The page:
I want to share the latest update on the Plant-Based options at PPS. You can read how this initiative started, and who the partners are here.
We have met with PPS Nutrition Director twice, and have held two public meetings with various parents, students, and community members. It has been gratifying and motivating to see the amount of support that adding a plant-based option in addition to the standard meat option has garnered.
We have people who care about the environment, health and animals who range from omnivores to vegetarians to vegans. We want to make this concept something that will be appealing and available to everyone.
I believe that our Nutrition Director is committed to offering the best options to our students and that we can work together to make this successful for PPS by making this a popular choice which boosts the number of lunches served. In order for them to make this shift, we need to show that there is support for greener lunches.
We know that there is a youth-led Climate Resolution which has been approved and will be implemented in our schools, and more youth are concerned about Climate Change. This issue will not go away and we must get started now since it takes time to develop. Portland’s Climate Action Plan also highlights this need for reduction in animal products to reach our carbon emission goals. The link to factory farming’s effect on our planet is finally more understood. Project Drawdown lists a plant-rich diet as #4 on it’s comprehensive solutions. #3 is food waste. We need to make these lunches delicious, healthy and appealing so that we can tackle both of these solutions at once.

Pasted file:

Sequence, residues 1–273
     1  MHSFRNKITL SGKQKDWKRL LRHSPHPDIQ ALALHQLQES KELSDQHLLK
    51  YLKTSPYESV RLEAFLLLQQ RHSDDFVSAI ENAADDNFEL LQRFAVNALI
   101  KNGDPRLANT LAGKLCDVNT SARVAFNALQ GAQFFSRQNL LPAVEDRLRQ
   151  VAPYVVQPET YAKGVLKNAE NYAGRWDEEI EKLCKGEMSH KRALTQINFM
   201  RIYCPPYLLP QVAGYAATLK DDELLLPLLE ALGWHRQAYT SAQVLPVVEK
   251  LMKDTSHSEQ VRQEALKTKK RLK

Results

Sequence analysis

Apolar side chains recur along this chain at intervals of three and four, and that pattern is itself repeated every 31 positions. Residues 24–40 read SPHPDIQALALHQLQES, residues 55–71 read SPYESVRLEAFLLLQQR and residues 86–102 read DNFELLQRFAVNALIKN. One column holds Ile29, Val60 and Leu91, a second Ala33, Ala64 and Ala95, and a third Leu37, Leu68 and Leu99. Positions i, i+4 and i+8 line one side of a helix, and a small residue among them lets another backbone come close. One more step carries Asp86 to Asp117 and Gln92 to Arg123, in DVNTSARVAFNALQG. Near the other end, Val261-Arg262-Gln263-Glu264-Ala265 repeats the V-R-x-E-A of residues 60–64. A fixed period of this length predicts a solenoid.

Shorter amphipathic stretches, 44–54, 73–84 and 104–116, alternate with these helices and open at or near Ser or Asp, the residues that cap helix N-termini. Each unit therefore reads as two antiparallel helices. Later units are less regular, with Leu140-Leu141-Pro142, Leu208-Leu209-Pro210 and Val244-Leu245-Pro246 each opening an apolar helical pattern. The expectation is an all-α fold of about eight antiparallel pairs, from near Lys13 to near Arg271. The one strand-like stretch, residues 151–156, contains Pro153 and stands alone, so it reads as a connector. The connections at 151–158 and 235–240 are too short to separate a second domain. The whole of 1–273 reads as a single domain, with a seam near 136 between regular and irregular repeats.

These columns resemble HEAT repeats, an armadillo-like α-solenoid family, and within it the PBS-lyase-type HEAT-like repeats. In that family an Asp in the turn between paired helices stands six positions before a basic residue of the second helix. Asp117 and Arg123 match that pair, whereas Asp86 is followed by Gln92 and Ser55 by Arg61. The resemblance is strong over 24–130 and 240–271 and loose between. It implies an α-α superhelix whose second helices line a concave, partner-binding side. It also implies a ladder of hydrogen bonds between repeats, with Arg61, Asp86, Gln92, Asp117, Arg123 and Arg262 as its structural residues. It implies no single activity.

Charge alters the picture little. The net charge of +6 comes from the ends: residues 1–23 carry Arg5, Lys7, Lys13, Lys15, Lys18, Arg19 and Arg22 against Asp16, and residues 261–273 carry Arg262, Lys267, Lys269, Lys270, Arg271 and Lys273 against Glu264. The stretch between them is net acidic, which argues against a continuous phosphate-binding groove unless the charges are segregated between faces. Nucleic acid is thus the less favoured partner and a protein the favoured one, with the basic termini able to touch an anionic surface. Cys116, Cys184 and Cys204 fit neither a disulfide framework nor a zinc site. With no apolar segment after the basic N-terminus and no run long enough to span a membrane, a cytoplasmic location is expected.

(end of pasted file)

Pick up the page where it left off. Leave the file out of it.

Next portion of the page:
The exciting idea around bringing these climate-friendly options to our students is that we can also include the diversity and naturally plant-based ethnic foods that are very popular with children growing up in Portland’s foodie city.
Imagine Middle Eastern falafel, hummus and tabouleh, Indian chickpea curry, Vietnamese vegetables and tofu, and more. We have students from all parts of the world, and we can include this cultural education along with the meals. As we develop this appreciation and supply chains for these plant protein options once a week, we can expand it to once a day.
Does this seem far-fetched? Consider that Richmond Japanese Immersion School is already implementing a Japanese lunch day that has plant-based options with great success. And that we have other immersion programs in Russian, Chinese, Spanish and Vietnamese that could add to this variety as well. If we want to be truly equitable, this should be available for all students at all schools. We also feel strongly that those on free and reduced programs should have the healthiest options available.
What are the next steps? We are planning a meeting for MAY 20 (late afternoon, venue TBD) that will include Whitney Ellersick, Director of PPS Nutrition, Chloe Waterman from Friends of the Earth, Katie Cantrell from Green Mondays, as well as our parent, teacher and student coordinators.
We are excited to officially welcome the Raven Corps as partners, a nonprofit organization consisting of local high school environmental leaders and activists who focus on plant-based food options.
We really need YOU to spread the word about this initiative to your schools. It is important that we include the diverse communities in our area. Let’s make sure we include schools from all quadrants. Please take our poll, and join our email newsletter for updates. You can also follow along on Facebook or Instagram. You will know when there are student taste tests and how to get involved. Let’s add Portland to the growing list of the schools in our nation adopting healthier, eco-friendly lunches!